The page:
“The large troop presence may have led to a reduction in violence but there is still a negative attitude towards the security forces,” Srisomphob said.

“The militants still are very strong and have a solid grassroots structure. The claims of progress by the government was probably seen by the insurgents as a challenge to them.”

Source: Reuters

Drugs in Southern Provinces

seizures of illicit drugs in Yala, Pattani & Narathiwat

  • 2008: 5297
  • 2009: 5886
  • first quarter 2010: 2172

Of all the narcotics drugs seized, krathom has been identified as the most popular illicit drug among youth in the region followed up by methamphetamine which is also known as “ice”, “crystal meth” or “crystal”.  Narathiwat province has been fingered as the biggest transit point of methamphetamine.

Source: Drug abuses and trafficking in the far South

Southern Thailand Violence: Hundreds of Schools Closed

After two teachers got killed yesterday, hundreds of schools in Thailand’s deep South closed down for three days. There was also a 10kg bomb found in Yala the same day, hidden at a traffic police point.

It’s not exactly clear how many schools are closed – some news sources say 365 schools in Narathiwat, while others say the number is higher than 400 schools. In a way, both could be right – 365 schools in Narathiwat and more schools in Yala and Pattani.

After that, PM Abhisit ordered the Education Minister Chinnaworn Boonyakiat and Deputy Interior Minister Thavorn Senniam to visit the troubled Southern Thailand. He also said he would want to visit himself, but is not able to at this time because of other responsibilities he has to take care of first.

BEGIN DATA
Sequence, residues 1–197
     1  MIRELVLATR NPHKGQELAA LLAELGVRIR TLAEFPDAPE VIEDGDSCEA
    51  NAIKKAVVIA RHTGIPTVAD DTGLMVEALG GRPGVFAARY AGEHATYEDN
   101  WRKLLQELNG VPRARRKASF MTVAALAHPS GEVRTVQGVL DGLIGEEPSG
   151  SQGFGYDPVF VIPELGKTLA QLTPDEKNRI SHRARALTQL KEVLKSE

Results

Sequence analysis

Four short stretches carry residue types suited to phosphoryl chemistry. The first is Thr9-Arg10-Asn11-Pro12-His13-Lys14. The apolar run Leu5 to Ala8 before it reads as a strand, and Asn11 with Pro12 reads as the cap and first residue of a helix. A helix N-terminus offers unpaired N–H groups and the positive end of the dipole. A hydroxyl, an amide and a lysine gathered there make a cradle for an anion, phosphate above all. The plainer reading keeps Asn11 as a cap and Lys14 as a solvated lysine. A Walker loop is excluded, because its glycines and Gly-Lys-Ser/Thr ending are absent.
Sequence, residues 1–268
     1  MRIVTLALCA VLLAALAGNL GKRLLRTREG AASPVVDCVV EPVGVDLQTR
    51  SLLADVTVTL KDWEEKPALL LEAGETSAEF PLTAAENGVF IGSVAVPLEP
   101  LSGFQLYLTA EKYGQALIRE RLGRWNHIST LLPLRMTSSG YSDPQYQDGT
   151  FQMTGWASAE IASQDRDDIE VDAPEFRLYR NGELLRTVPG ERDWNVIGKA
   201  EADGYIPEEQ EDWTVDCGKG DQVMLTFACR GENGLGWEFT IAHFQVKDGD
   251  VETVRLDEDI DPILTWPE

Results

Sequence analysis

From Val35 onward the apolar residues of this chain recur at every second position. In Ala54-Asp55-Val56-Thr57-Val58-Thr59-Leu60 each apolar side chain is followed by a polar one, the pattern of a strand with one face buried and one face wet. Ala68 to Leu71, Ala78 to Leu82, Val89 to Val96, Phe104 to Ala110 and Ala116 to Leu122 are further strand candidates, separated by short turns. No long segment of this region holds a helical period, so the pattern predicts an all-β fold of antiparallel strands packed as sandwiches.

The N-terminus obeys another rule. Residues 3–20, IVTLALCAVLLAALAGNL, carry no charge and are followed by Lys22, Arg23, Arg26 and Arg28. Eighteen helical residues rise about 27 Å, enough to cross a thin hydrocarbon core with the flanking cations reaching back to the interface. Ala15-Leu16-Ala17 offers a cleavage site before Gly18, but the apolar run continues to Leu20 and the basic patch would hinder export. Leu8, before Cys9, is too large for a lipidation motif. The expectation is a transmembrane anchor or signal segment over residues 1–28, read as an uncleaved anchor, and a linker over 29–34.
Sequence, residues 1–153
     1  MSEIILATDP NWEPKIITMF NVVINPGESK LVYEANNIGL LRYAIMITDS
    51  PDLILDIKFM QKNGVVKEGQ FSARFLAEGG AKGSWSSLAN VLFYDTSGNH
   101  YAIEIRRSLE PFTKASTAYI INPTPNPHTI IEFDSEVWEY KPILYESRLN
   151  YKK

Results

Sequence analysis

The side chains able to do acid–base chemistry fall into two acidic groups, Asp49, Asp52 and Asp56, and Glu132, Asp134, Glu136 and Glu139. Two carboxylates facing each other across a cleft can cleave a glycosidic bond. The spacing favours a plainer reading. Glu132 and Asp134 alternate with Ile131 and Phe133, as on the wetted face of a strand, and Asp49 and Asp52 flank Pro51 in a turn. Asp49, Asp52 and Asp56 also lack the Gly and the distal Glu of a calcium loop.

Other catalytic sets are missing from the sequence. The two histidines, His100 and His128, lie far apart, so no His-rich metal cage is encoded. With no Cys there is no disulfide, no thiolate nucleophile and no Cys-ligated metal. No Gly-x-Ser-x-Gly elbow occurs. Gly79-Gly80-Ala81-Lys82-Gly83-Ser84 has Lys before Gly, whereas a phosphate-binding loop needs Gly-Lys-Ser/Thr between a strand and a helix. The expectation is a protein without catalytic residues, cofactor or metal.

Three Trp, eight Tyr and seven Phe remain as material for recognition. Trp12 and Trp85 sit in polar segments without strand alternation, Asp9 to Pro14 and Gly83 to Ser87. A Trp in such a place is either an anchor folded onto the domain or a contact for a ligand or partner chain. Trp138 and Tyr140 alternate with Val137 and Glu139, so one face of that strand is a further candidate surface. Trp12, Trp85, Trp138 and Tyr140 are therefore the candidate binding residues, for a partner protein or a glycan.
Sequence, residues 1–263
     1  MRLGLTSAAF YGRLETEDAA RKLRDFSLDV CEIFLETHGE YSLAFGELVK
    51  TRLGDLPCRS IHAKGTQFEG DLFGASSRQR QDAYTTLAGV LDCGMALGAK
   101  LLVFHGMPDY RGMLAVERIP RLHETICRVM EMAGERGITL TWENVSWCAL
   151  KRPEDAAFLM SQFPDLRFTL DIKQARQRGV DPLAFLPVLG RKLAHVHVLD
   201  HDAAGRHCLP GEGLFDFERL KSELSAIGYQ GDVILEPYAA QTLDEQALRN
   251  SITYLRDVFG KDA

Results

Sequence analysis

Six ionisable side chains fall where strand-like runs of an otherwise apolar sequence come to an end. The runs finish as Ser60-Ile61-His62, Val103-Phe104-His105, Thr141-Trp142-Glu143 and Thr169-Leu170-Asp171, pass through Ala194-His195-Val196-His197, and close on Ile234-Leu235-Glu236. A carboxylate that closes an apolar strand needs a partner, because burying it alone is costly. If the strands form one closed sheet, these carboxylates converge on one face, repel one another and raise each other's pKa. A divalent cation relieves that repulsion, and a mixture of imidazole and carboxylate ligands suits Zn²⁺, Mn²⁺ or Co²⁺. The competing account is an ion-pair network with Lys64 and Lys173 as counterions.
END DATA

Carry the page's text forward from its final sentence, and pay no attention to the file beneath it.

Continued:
Since 2004, more than 4200 people have been killed. Prior to the latest killings, there were flyers distributed in Narathiwat that said: “WANTED: 20 Buddhist teacher deaths”. The death toll for teachers and school workers is now at 135 people.

Bombs; Special Sponsorships; Hope

There has been a significant increase in violence in the South, just when it seemed that things had been calming down. Three bombs, it appears, have exploded in Narathiwat injuring 71 people and killing one woman. Two other people have been murdered this week. The bombings coincide with the return of children to school but the bombs do not seem to have been aimed at them directly.

A Human Rights Watch spokesperson has suggested that using such high powered explosives to take out remote targets suggests the insurgents were making some specific point to the local security services. The spokesperson criticizes the government for treating the insurgency as a law and order issue rather than searching for a political solution – well, I am not sure who makes these decisions. The PM is also the Defence Minister but the army leader does not do what he is told.

Khunying Kasama Voravan na Ayudhya of the Office of Basic Education Commission (OBEC) has asked secondary schools to maintain some lucky draws in accepting admissions in addition to direct exams. However, since OBEC is not going to put this in writing, it appears to be a totally voluntary undertaking. As any parent will tell you, when schools accept pupils on non-transparent grounds, there is the likelihood of ‘special sponsorships’ taking place, which paupers the parents and cheats other pupils.

Meanwhile, there is some cause for hope on the other side of the Pacific – as the Americans make ready to vote for a new President. I know that it is unlikely that even Sarah Palin would be as disastrous as the current incumbent (although I would not like to find out) but it is quite possible that we will get President Obama – possible but not certain. McCain has done his job by keeping the lead down to less than 10% so that is still possible for the election to be stolen again – the Bradley effect will be blamed (and it may have some impact) while voter suppression does the real damage. We shall see how it turns out.